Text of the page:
Additionally, Sneaker Pimps announced a digital pre-release listening event through Moment House on September 8, 2021 at 11:00am PST/2:00pm EST to celebrate the album’s release. The limited event will include an advance stream of the album in its entirety, and a chance to chat live with the band about their new album. An upgraded ticket is also available that will allow a select number of fans into a live video Q+A session with Corner, Howe and Jones after the album stream. Along with the album preview and the chats, attendees will be treated to exclusive downloads and the chance to win a Squaring The Circle merch bundle. More info is available here: https://www.momenthouse.com/sneakerpimps

Sneaker Pimps — currently founding members Liam Howe (production) and Chris Corner (guitar, vocals) with newly recruited Simonne Jones (vocals) — can trace their origins back to their formation in Hartlepool, UK back in 1994: The act’s initial lineup of Howe, Corner, Kelli Ali (née Dayton), Joe Wilson and Dave Westlake quickly established themselves as one of the pioneers of trip hop with their critically applauded and commercially successful, full-length debut, 1996’s Becoming X, which featured their signature track “6 Underground.”

Ali left the band after the release of Becoming X. Corner took over on vocal duties and the band went on to release two more albums, 1999’s Splinter and 2002’s Bloodsport. Wilson and Westlake left the band in 2002. Shortly after, Sneaker Pimps’ founding members made a mutual decision to explore other creative avenues: Corner and Howe went on to their own highly successful individual ventures in music and film, collaborating with the likes of Gary Numan, Lana del Rey and others with IAMX (Corner) and AMP (Howe). During their initial seven-year run, Sneaker Pimps had five UK Top 40 singles — the aforementioned “Six Underground,” “Spin Spin Sugar,” “Low Five,” and “Bloodsport.”

Sneaker Pimps’ founding members, who are currently split between London and Los Angeles ended a lengthy 14 year hiatus back in 2016 with hints of new music. Since then, the act’s fans have been desperately waiting for new material. Five years have passed but earlier this year Howe and Corner announced that they’d be releasing a new album, their highly anticipated fourth album, Squaring the Circle in the fall. Recently, Corner and Howe, along with their newest member Simonne Jones released a double single of album material, “Squaring the Circle” and “Fighter.”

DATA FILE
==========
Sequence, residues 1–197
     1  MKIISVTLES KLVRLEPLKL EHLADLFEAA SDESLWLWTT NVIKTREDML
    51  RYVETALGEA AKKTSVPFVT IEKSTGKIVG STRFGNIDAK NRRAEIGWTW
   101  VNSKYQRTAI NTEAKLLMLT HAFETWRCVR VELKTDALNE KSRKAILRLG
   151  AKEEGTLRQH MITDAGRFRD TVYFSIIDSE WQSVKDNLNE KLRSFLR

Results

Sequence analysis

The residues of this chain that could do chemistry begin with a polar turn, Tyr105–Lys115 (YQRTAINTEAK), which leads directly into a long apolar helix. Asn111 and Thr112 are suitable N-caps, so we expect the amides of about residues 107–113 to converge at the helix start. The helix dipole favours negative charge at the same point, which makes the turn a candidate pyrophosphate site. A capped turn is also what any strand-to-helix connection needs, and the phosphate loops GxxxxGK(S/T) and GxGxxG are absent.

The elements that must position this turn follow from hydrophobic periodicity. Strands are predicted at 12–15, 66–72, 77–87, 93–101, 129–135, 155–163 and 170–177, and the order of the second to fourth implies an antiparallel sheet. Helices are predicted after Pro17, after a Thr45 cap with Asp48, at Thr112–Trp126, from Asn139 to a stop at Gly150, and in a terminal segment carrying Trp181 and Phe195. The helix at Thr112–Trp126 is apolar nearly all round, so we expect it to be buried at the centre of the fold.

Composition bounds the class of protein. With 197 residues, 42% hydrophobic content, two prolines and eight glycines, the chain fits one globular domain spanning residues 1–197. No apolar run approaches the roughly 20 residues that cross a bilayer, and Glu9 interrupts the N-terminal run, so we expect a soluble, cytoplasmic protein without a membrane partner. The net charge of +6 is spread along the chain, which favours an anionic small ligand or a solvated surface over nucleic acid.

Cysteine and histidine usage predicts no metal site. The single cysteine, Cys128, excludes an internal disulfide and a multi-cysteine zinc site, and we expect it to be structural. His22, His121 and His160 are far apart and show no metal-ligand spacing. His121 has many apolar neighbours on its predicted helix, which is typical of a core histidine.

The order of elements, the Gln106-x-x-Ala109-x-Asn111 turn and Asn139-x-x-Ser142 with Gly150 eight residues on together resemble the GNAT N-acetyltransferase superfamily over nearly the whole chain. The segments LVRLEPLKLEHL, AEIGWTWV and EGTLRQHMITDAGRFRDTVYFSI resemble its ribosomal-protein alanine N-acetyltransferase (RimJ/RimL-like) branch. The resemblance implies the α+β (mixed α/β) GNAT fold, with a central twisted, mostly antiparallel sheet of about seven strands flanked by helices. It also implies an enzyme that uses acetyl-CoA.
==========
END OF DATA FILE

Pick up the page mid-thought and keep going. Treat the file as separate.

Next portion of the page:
Album title track “Squaring the Circle” is a yearning duet between Corner and Jones centered around a hauntingly sparse arrangement of twinkling piano, atmospheric electronics and layered backing vocals. Sonically, the track is a decided departure from their commercially successful initial run with the cinematic track reminding me quite a bit of Tales of Us-era Goldfrapp. “Fighter” finds the legendary trip hop pioneers crafting a remarkably contemporary sound centered around wobbling synth arpeggios, skittering beats paired with Jones’ sultry vocals and a rousingly anthemic hook. While clearly being wildly different, the tracks are thematically related with both tracks being tales of survival — in desperate and uncertain times.

“After 18 years of dormancy and deliberation we (Sneaker Pimps) are releasing not one, but two new tracks,” Sneaker Pimps’ Liam Howe explains. “‘Fighter’ is a plea for courage and strength against prevailing mental health crises. ‘Squaring the Circle’ (via Nietzsche) is a heartfelt ode to eternal returns of love, in the face of desperate adversity. Contrasting in nature, hopefully these songs describe the diversity and essence of the new album.

“It’s taken many years and many false starts to get Sneaker Pimps back in the game,” Sneaker Pimps’ Chris Corner said on Twitter. “Sometimes [you] need to back the fuck off and let the universe take control. I’m proud and relieved to say that it is finally happening. We officially have new music.”

Look for Squaring the Circle on September 10.